Seventy-five days before the opening of the Shanghai 2010 world fair, Naço Architectures has made public its project for the 2000 m2 pavilion they are building there for the principality of Monaco. Present in Shanghai since 2005, as one of the few French offices firmly implanted in China Naço was duty bound to produce a high profile piece for the event. Over 70 million people are expected to visit the fair laid out along both banks of the Huangpu, which will run from 1st May to 31st October, celebrating the theme ‘Better city, better life’ and saluting 25 years of unprecedented growth for Shanghai.
Naço has come up with an image-building that perfectly expresses the identity of the client and also tokens the global approach to architectural design adopted by Marcelo Joulia, founder of Naço, which walks a line between hard constructions and soft media creations conceived as accelerators for encounters in urban space. Naço has captured the essence of Monaco: ‘a rock surrounded by the dancing light of a perfect sea’. So the result is a hunk of the Monegasque coast that projects the ceaseless ripples of the Mediterranean, literally transposed onto a 12 m-high vertical envelope in Pudong!
Visually apt, and as poetic as it is direct, the 3D digital morphing of a Mediterranean inlet displays dancing pixels that owe nothing to optical illusion. The system relies on a network of feeder pipes that are constantly topping up real miniature sea pools hidden behind the façade, and whose constant pattern-changes are reflected onto the glass envelope to light up the pavilion. As soon as the sun goes down, artificial lighting takes over. Sunlight is used as an architectural device that ensures flow, and the logic is pushed to its end term because the building is also solar-powered. With this project Naço is making a strong return into the area of emblematic projects, even if it represents only a small part of their overall activity. Resolutely international, with offices on three continents, in Paris, Shanghai and Buenos Aires, today Naço is one of the only French practices capable of simultaneously designing and building a multiplex cinema in Lyons, a polo club in Argentina and a private house in China. Proof that the economic slow-down is a question of viewpoint and – even more – of adapted response.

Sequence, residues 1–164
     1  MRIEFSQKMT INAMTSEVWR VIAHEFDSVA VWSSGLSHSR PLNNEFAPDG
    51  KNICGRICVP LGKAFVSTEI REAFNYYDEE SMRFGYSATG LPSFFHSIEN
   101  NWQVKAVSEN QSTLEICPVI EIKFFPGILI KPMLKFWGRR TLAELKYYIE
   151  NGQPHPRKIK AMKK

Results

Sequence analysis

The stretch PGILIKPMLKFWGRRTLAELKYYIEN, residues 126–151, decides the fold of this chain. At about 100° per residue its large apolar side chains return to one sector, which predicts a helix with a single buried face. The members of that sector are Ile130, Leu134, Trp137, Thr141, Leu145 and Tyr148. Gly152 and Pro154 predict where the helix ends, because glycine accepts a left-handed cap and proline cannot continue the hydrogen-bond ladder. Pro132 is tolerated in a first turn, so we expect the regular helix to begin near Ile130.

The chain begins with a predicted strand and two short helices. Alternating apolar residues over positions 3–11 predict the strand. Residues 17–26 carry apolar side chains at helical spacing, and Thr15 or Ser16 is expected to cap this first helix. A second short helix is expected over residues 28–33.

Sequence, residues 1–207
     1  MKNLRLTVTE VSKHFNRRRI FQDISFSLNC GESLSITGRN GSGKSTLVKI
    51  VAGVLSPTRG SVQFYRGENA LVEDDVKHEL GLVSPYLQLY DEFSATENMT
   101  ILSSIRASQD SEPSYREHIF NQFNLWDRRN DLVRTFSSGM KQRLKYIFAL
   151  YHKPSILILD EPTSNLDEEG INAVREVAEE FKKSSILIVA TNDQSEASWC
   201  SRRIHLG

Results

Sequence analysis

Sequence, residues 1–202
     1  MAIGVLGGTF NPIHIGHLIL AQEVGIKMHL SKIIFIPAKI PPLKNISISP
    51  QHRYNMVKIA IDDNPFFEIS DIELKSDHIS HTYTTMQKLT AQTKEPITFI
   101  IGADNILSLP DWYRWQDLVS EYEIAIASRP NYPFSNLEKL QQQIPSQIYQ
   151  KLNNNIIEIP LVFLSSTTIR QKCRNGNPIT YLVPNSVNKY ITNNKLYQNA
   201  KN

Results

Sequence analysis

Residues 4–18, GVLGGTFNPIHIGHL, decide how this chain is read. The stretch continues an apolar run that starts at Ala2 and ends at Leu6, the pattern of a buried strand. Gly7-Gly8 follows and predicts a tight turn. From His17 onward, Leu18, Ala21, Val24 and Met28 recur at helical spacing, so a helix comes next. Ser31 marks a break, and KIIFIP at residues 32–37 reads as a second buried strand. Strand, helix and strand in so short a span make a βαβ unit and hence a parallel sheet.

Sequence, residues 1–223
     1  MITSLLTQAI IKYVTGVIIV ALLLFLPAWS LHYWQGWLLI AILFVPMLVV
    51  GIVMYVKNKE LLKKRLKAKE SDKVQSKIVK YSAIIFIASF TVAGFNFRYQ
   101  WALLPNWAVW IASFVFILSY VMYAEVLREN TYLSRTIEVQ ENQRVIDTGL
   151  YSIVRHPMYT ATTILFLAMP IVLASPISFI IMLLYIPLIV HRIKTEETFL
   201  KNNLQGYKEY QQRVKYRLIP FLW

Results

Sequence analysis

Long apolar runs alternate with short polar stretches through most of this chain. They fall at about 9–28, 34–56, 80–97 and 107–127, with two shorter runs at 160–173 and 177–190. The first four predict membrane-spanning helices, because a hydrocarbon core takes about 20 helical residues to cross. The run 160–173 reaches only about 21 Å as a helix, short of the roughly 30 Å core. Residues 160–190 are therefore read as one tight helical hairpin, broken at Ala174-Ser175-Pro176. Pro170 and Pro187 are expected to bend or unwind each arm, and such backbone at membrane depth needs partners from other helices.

In the Guarani language naço means ‘intuition’, which is just one of the attributes that represents the need for absolute freedom in Marcelo Joulia, who set up his own practice in 1991. As creative as he is rigorous, as smiling as he is stubborn, and as friendly as he is radically independent, in the space of 20 years Joulia has shaped a global office that is unique in France, blending architecture, design and communication in a determined will to create the best possible solution for producing and embodying desires. More than a mere media agitator generating project scenarios, Naço was quick to learn and move on from the period of object architecture, leaving behind creative adolescence to confront reality. By developing manifesto projects such as ‘The spires of Time’ , which aimed at topping the two towers of Notre Dame in Paris with metal spires to salute the year 2000 (a scheme that caught the imagination of the Parisian intelligentsia), Naço has honed its skills in producing projects that communicate, apply research, and cover the entire spectrum of architectural creation. Hotels, multiplex cinemas, private homes, boats, bikes, furniture .. Naço has put its talents to use in all these areas, working by preference alone.
Joulia is always eager to leave behind synthetic rendering and get down to the scale-1 prototype. Getting a handle on knowing how to move into reality, where so much is needed to control an environment. To begin with there were the first extensions of his practice in the form of the Unico restaurant and the Cédille gallery, points of conviviality and rallying. For Marcelo Joulia, who came to France from Argentina at the age of 17, there was always the feeling that he needed a larger arena to develop his activities. Setting up in China was another step into the unknown, yet his firm now employs 22 people there when so many others have folded. Buenos Aires is the third pole in the Naço world network: the identical reproduction of a philosophy that is busy producing tangible proof of its fertility. No doubt there is more to come in the way of Naço restaurants and galleries in Shanghai and Buenos Aires. Pin points on the map that trace a singular trajectory, one that is human and fully effective.
Monaco Pavilion by Naço Architectures
1st May to 31st October 2010